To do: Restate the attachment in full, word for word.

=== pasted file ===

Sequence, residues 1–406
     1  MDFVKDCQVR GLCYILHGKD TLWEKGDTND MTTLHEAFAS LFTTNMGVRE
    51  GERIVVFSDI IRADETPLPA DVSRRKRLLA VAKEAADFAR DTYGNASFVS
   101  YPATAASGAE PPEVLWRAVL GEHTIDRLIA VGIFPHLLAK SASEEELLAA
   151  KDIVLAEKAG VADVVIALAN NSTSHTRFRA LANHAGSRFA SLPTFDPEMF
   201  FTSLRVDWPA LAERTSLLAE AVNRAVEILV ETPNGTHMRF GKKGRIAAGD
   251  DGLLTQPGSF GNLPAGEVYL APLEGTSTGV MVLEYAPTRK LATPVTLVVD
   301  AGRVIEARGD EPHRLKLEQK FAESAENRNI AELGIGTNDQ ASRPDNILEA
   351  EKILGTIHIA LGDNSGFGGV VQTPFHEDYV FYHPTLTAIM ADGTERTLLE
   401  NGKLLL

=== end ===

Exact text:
Sequence, residues 1–406
     1  MDFVKDCQVR GLCYILHGKD TLWEKGDTND MTTLHEAFAS LFTTNMGVRE
    51  GERIVVFSDI IRADETPLPA DVSRRKRLLA VAKEAADFAR DTYGNASFVS
   101  YPATAASGAE PPEVLWRAVL GEHTIDRLIA VGIFPHLLAK SASEEELLAA
   151  KDIVLAEKAG VADVVIALAN NSTSHTRFRA LANHAGSRFA SLPTFDPEMF
   201  FTSLRVDWPA LAERTSLLAE AVNRAVEILV ETPNGTHMRF GKKGRIAAGD
   251  DGLLTQPGSF GNLPAGEVYL APLEGTSTGV MVLEYAPTRK LATPVTLVVD
   301  AGRVIEARGD EPHRLKLEQK FAESAENRNI AELGIGTNDQ ASRPDNILEA
   351  EKILGTIHIA LGDNSGFGGV VQTPFHEDYV FYHPTLTAIM ADGTERTLLE
   401  NGKLLL